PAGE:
clients. In Mali, a business arrangement between a big
processing firm and a PO led to plans of the firm to invest
in storage capacity of the PO to ensure its supply.

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DISCUSSION
Using the example of SFPs in Ghana, Kenya, and Mali,
this paper sought to demonstrate how supplier
development can improve the achievement of inclusive
procurement, by extending the range of stakeholders
beyond the traditional bilateral relationships (between
buyers and suppliers) to include related government
ministries, civil society organizations, development
partners, financial institutions, and the private sector.
The Procurement Governance for Home Grown School
Feeding project demonstrates that supplier development
initiatives can transform a supply chain with minimal
smallholder farmer sourcing into one that sources from a
large number of POs, both directly and indirectly through
caterers/traders. In its pilot areas, the project has
documented sales from over 20,000 farmers to school
feeding and large public or institutional markets, worth a
total of USD 2.3 million. If scaled nation-wide with similar
results, these interventions could provide more than 2.4
million smallholder farmers in Ghana, Kenya, and Mali
with an additional USD 124 of income per year by selling
to public and institutional markets.
The supplier development activities discussed in
this paper were implemented alongside a group of
procurement-side pilots as well that addressed the public
buyer side of inclusive procurement: administrative
adjustments to create a space for smallholder farmer
participation in transparent procurement processes. The
success of these supplier development activities cannot
be separated from their procurement-side activities that
took place alongside them. It is likely that the integrated
approach to inclusive public procurement that combined
supplier development with administrative adjustments
that contributed to the high number of farmers selling to
SFPs during the project.
SNVs supplier development pilots generated the
substantive participation of multiple stakeholder groups
including procuring entities, and those overseeing them,
at the national, district, and local level but also other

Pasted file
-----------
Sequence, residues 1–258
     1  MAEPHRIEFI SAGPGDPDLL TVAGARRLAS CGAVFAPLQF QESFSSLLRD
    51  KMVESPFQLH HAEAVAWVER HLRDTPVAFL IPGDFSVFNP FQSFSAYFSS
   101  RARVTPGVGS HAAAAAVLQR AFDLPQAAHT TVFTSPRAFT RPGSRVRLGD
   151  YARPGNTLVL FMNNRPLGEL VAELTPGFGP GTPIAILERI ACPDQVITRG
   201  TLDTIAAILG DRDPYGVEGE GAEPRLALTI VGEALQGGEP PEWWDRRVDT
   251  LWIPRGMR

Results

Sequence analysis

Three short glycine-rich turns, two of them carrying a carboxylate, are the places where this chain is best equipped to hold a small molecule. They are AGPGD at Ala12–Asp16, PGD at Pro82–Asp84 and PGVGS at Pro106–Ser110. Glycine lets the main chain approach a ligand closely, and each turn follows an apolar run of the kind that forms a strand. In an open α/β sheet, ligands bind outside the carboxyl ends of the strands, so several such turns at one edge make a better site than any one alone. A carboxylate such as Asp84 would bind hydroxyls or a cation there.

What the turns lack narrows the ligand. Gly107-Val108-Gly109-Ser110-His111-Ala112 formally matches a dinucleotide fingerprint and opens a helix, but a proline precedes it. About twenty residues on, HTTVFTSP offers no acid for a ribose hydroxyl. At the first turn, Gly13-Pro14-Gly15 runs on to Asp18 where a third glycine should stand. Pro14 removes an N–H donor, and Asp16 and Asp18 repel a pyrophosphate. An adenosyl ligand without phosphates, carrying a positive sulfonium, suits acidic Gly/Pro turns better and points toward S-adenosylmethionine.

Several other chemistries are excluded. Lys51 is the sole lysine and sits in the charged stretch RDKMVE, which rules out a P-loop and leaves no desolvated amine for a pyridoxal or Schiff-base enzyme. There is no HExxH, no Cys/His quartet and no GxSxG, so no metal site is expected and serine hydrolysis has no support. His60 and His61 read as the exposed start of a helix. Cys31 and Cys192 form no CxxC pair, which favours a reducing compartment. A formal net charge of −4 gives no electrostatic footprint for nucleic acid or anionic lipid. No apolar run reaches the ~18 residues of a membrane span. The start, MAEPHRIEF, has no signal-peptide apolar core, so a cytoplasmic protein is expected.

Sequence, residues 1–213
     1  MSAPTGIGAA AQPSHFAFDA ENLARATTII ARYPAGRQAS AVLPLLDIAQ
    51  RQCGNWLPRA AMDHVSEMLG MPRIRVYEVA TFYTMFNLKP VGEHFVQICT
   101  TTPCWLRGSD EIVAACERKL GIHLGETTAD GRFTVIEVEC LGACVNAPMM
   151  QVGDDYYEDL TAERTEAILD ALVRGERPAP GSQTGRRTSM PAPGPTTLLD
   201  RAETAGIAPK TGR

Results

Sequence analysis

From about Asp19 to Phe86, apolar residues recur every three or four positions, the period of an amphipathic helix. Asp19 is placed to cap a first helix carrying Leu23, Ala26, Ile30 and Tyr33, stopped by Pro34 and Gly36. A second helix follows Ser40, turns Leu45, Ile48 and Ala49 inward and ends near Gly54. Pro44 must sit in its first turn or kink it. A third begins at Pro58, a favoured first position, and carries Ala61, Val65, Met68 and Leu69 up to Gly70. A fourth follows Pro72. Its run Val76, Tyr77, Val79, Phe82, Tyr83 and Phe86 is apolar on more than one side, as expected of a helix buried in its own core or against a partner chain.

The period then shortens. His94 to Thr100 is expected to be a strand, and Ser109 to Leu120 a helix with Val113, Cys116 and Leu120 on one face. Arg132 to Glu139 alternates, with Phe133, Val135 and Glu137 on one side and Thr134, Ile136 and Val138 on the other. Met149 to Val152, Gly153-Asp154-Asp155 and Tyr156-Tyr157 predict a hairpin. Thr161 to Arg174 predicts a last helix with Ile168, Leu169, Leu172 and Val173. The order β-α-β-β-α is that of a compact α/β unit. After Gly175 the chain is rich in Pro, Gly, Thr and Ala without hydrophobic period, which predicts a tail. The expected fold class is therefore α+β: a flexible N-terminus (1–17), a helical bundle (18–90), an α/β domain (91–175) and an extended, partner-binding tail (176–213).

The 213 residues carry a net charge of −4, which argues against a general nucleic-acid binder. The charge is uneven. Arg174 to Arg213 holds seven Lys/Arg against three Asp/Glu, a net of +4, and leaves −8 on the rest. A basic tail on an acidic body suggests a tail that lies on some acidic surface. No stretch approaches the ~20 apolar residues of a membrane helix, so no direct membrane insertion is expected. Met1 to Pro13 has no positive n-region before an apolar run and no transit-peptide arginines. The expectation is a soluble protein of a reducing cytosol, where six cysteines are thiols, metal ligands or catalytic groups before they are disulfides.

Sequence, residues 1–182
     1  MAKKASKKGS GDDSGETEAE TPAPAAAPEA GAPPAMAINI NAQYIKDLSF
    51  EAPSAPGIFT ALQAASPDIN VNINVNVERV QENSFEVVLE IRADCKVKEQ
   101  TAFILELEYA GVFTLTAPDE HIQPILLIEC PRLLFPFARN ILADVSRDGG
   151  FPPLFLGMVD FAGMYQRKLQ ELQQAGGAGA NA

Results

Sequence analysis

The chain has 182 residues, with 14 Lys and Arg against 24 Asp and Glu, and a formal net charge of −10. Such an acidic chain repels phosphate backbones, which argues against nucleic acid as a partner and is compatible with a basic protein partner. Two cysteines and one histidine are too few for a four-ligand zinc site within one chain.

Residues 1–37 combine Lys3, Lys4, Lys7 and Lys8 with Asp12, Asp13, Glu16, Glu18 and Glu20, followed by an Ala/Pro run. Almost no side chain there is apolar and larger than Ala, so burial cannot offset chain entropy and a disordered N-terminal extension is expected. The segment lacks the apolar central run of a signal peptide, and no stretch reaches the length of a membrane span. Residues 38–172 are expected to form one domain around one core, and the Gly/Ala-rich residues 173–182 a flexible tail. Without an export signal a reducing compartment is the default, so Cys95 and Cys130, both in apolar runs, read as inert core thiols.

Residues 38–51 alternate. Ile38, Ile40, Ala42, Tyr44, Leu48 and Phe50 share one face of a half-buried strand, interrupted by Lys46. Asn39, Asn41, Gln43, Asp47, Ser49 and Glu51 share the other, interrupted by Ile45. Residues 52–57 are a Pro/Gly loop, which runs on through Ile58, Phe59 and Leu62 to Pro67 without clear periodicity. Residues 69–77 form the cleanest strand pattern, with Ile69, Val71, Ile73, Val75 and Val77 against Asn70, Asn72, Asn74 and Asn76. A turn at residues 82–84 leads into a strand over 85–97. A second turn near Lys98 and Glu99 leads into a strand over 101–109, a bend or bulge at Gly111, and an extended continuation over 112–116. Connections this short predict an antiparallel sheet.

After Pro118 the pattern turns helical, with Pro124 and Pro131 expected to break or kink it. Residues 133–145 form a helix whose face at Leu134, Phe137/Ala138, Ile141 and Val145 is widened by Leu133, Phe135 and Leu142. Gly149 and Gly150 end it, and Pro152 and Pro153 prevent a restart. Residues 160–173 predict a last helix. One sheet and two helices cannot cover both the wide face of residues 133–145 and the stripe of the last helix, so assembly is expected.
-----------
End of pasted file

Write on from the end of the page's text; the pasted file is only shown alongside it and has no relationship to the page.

government ministries, civil society organizations,

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development partners, financial institutions, and the


private sector. Involving related government ministries
(agriculture, finance, health, decentralization), whose
mandate covers one or more members of the supply
chain, expanded the network of government support and
accountability for the school feeding program. The
participation of representatives from these ministries
mobilized their expertise to address gaps in technical or
governmental support for school feeding suppliers. Their
involvement may also increase the sustainability of the
supplier development initiatives.
Likewise, the role of SNV and other NGOs, both
international and local, played a crucial role in mobilizing
the seed funding to trial the pilot activities and in bringing
together stakeholders that may not have been involved if
the same initiatives were organized by the national SFP
secretariat independently. SNVs emphasis on using highly
local NGOs, consultants and civil society organizations to
deliver technical assistance also added value to the work,
enabling trainings to be conducted in local languages, by
facilitators knowledgeable about local market and
organisational realities.
The projects incorporation of financial service
providers, both directly, as in the case of the loans for
caterers, and indirectly, by supporting POs to use formal
business plans to seek financing, was a creative way to
address cash flow issues that prevent suppliers from
sourcing their goods from smallholder farmers.
Finally, the project involved various actors from the
private sector to benefit from the capacity building of the
SFP supplier community. This included key stakeholders,
such as caterers and traders, who SNV linked to
smallholder farmers and their organizations through
inclusive business practices to develop relationships
between farmers and a third party in order to meet
market demands. The project also involved niche private
sectors entities, like market intelligence platforms, radio
stations, business associations and technical consultants
to provide tailored services that complemented the
overall goals of SFP supplier development.

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The
projects
supplier
development
activities
demonstrate the strength in involving partners who are
both formally or informally associated with SFP buyers
and suppliers as well as those at the periphery of these
activities, like the banks and market intelligence
platforms, who are not officially part of the SFP system in
the country buy who, nonetheless, can support supplier
development in meaningful and mutually beneficial ways.
The involvement of these stakeholders not only supports
the competitiveness of smallholder farmers as suppliers
to SFPs, but also forms the basis of an infrastructure of
supplier development that can support the sustainability
of these inclusive procurement initiatives.
ACKNOWLEDGEMENTS
This paper is based on work funded by the Bill &
Melinda Gates Foundation. The findings and conclusions
contained within are those of the authors and do not
necessarily reflect positions or policies of the Bill &
Melinda Gates Foundation.
NOTES
1. Data from this chapter based on the Procurement
Governance for Home Grown School Feeding Project,
SNV, 2011-2016.
REFERENCES